The first thing to consider is that, under no circumstances, can you remove your pet from its carrier during the flight.
However, the key here is to keep your pet calm, to isolate them from all of the crazy activity of people loading their gear in the overhead compartments and finding their seats.
Even with the window cracked open, the car can quickly turn into an oven, and your dog will get dehydrated.
See article Dog Is My Co-Pilot (And Other Bad Ideas).
Car Carriers on » Most cats aren't comfortable traveling in cars, so for their safety as well as yours, keep them in a carrier.
It's important to restrain these carriers in the car so that they don't bounce around and hurt your cat.
Keep your voice low and close to your pet while assuring it that everything will be ok.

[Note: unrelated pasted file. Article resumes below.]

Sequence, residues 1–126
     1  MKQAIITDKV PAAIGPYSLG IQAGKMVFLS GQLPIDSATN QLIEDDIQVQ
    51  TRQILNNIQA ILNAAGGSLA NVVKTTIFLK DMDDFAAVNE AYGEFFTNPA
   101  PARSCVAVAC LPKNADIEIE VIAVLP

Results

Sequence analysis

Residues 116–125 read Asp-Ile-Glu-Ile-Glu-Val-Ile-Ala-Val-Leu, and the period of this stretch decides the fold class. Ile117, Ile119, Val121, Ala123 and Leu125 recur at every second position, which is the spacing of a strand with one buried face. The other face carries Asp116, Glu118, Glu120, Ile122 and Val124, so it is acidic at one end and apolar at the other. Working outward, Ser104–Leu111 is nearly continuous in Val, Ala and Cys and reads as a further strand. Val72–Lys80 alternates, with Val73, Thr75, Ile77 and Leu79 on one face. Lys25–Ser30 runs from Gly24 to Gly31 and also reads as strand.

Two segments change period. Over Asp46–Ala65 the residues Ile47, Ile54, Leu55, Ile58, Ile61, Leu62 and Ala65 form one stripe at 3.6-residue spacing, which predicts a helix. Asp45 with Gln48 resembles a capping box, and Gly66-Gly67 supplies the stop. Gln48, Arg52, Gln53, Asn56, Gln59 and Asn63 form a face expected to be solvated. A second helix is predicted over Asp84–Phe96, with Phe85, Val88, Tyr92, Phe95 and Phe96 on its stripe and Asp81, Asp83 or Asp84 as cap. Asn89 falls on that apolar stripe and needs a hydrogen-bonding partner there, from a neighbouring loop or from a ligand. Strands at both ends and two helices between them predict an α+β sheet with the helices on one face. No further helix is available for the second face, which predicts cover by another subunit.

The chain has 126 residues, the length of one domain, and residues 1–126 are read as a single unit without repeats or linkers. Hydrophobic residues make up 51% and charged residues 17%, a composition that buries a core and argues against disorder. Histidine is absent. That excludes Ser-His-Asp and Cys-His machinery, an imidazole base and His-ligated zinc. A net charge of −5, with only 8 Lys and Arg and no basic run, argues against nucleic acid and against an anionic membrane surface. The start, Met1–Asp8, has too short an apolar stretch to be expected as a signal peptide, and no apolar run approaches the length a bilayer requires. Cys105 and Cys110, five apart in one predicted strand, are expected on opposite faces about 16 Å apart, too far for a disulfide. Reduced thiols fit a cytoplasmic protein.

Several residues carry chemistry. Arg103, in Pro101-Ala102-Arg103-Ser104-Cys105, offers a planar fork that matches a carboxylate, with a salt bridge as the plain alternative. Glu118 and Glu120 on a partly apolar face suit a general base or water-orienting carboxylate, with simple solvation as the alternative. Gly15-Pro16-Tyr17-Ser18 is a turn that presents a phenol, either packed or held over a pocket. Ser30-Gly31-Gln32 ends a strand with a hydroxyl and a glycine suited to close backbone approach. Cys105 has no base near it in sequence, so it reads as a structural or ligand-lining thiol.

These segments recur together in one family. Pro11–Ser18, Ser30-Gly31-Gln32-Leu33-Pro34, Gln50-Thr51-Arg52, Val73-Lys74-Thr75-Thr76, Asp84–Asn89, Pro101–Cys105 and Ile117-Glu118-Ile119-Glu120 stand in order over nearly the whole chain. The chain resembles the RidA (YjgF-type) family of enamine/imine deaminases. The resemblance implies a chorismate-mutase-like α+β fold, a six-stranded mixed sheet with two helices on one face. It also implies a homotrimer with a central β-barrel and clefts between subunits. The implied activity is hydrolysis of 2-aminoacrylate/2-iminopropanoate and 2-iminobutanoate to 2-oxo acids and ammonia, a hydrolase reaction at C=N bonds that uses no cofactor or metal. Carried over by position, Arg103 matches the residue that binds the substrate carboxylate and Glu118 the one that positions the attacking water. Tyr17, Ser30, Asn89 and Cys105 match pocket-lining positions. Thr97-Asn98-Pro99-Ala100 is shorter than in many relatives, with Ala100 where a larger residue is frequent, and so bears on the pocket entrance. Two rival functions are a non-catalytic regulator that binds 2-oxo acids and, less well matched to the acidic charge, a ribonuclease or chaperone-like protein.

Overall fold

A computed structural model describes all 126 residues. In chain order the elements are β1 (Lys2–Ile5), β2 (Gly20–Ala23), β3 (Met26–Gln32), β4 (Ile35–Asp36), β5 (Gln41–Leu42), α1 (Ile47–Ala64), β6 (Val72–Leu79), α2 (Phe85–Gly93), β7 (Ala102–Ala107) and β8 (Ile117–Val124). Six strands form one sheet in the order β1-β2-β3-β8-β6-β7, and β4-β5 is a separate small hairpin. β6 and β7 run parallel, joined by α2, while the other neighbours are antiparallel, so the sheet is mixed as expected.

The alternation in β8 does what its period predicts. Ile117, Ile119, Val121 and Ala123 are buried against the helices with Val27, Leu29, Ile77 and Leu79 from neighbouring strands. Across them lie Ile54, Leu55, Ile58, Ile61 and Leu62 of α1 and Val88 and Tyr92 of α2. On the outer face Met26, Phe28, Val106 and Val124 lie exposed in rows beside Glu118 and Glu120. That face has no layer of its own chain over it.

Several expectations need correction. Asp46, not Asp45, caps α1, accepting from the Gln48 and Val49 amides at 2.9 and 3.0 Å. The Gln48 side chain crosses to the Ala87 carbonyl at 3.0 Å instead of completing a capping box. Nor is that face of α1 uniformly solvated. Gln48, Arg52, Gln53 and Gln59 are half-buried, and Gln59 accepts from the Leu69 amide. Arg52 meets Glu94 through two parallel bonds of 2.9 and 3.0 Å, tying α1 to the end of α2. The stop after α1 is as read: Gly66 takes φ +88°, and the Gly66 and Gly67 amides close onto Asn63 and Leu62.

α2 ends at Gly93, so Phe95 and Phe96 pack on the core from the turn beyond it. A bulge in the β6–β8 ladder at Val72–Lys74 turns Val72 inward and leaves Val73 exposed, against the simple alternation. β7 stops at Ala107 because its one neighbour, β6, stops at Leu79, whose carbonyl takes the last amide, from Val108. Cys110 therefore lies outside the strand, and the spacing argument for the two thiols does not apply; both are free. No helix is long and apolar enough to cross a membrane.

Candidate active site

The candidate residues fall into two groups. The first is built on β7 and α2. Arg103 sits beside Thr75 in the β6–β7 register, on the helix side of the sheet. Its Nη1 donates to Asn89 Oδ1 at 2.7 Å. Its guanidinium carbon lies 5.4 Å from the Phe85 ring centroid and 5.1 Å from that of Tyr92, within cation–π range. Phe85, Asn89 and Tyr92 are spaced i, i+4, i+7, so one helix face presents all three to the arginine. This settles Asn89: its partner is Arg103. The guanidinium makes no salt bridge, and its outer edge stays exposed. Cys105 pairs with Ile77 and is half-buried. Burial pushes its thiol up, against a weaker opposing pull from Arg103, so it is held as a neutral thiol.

By Cesar Millan Bringing your dog on vacation with you just adds to the fun and alleviates the worry of not knowing what’s happening with your dog while you’re on the road. Planes and cars aren’t designed with dogs in mind, and you need to know what to expect when you reach your final destination.
By planning your dog travel ahead of time, you can make the vacation a truly relaxing time for you and your dog. They don’t mind the crate and some even feel safer in one.
No matter how you choose travel, it is vital to outfit your pets with proper identification prior to setting out. tags, your veterinarian may recommend fitting them with a microchip. your pet, register the number or you will not be able to find your pet. Train your puppy to remain calm and focused on your commands with practice sessions in the car, and a reward system.
After all, if you should become separated from your pet, their identification is the surest way they’ll find their way back to you. You can also have your pet tattooed with the National Dog Registry. If you have more than one dog, train them separately.